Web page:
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More research on the role of puzzles in processing data graphics

Ruth Rosenholtz of the department of Brain and Cognitive Science at MIT writes:

We mostly do computational modeling of human vision. We try to do on the one hand the sort of basic science that fits in the human vision community, while on the other hand developing predictive models which might actually lend insight into design.

Your talk resonated with me in part because of this paper [Do Predictions of Visual Perception Aid Design?, by Ruth Rosenholtz, Amal Dorai, and Rosalind Freeman]. We went into our study thinking that people would like to have a quantitative tool to help analyze designs. But what we concluded, somewhat anecdotally, was that its main use seemed to be as a conversation-starter, and a means of communicating ideas about the design. And the reason it seemed to work is that our visualizations were the right level of a “puzzle” — challenging enough to be a bit fun to work out.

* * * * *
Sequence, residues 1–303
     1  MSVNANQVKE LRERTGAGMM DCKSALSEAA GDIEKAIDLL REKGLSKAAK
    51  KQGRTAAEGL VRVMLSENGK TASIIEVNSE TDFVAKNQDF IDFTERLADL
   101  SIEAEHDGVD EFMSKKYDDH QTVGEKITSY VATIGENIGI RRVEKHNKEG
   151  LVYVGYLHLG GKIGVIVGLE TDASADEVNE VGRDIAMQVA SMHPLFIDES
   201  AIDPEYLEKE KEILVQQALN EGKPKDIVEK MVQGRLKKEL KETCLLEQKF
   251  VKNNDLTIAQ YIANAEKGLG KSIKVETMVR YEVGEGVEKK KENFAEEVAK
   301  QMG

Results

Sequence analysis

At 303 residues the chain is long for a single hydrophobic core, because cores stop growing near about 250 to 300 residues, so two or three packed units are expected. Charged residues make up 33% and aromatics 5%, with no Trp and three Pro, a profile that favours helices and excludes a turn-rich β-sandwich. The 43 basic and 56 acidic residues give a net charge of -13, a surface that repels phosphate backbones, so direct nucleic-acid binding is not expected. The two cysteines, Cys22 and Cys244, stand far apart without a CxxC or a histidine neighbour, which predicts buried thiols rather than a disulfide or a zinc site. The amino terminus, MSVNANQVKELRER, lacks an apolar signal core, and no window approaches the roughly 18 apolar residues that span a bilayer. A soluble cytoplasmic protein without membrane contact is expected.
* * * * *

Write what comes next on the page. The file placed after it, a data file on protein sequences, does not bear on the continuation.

On another topic, check out the infographic from last weekend’s NYTimes magazine. Where are the actors in “Nashville” actually from? One might think this should be shown geographically, though perhaps not in a 2″x2″ space. Well, there’s only 6 actors, why not just use a table? Apparently, too boring. So they made a table (two columns: actor, where they are from), then scrambled the first column. Then connected names to locations with colored line segments. I said to my husband, “why would anyone do this?” He said, “I guess it makes you have to spend time to puzzle it out.”

Recall our recent discussion [link fixed] of the confusing and visually-appealing Christmas tree graph.

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